Getaway from Sinjar

It is not easy to get anywhere in Iraq. Having valid visa does not mean anything. We are in the country which overcame a war recently and locals are not used to free movement of foreigners. Therefore, do not expect friendly atmosphere as in Iraqi Kurdistan where the tourism is more developed. Since I have a plenty of time, I am going to visit my friend Mohamed from Duhok - a city located in already mentioned Iraqi Kurdistan. He does not feel like meeting me in Mosul, the place where he grew up. I completely understand why is it so. However, I am not sure if I can get to Duhok because Arabic and Kurdish part of Iraq issue different type of visas and they do not cooperate with each other much (or at all). In the end, after I pass through five precise controls, I am finally arriving to the town of Duhok. While waiting for Mohamed and wandering around local bazaar, I come across Ali who helps me to find a place where I can charge my phone credit. It is a nice 24years old Yazidi guy who comes from the town named Sinjar, but is currently living with a family in a refugee camp located close to the town of Shekhan. He works for Peshmerga - Kurdish armed forces and in his free time he likes wandering around the streets of Duhok or Erbil. I invite him to smoke shisha together (in the end I am the one ho is being invited). Ali starts speaking:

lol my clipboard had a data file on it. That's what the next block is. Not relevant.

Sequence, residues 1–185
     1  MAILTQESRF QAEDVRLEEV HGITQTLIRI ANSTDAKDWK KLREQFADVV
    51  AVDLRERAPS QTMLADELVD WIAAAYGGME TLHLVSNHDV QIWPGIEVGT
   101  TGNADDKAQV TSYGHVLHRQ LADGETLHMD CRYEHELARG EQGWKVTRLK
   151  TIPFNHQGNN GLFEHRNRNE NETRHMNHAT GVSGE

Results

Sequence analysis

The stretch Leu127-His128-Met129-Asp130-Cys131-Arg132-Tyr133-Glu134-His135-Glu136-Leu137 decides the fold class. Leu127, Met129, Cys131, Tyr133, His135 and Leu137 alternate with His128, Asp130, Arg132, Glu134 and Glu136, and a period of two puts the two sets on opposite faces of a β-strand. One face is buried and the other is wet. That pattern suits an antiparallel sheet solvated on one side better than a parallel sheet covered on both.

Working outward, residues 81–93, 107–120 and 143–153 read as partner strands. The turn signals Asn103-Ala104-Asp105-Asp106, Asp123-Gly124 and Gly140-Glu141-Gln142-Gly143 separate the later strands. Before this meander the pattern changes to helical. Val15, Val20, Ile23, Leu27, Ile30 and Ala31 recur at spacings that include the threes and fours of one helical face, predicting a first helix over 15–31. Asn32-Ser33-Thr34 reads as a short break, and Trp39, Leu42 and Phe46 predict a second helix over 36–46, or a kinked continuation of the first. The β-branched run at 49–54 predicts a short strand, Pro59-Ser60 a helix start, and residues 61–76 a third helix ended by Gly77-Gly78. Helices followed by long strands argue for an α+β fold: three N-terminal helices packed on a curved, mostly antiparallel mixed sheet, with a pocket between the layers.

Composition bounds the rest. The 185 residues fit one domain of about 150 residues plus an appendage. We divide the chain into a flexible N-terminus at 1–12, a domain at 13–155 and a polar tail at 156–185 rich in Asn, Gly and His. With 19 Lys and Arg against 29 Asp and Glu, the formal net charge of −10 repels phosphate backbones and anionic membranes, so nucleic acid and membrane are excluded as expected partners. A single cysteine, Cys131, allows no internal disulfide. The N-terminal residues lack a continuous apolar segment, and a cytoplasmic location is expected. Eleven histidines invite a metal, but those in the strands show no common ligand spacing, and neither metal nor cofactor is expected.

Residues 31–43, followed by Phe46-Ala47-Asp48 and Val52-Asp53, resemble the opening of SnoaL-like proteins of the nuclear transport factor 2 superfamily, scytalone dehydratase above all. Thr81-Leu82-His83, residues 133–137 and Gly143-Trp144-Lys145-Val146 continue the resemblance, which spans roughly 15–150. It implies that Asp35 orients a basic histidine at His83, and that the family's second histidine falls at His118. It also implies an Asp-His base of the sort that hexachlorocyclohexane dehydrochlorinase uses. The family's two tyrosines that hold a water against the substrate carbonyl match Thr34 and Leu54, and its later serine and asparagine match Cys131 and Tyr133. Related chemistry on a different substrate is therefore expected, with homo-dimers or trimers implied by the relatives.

"Peter, I have to confess to you, I do not believe in God anymore. It was august and it was very warm outside, when I decided to flee from Sinjar with my family in order to run away from the Islamic State. We were running to Syria through a mountain. I saw several people dying, including a woman with a child. I saw so much suffering before my eyes so I just became embittered by God." I know that it is easier for Ali to confess these feelings to a complete stranger than to his local friends. Here, If you do not believe in God, you remain misunderstood. I appreciate his trust in me, but it is difficult for me to listen to these stories. However, this is one of the reasons why I set off on this journey, to find out the truth.

Iraqi man in China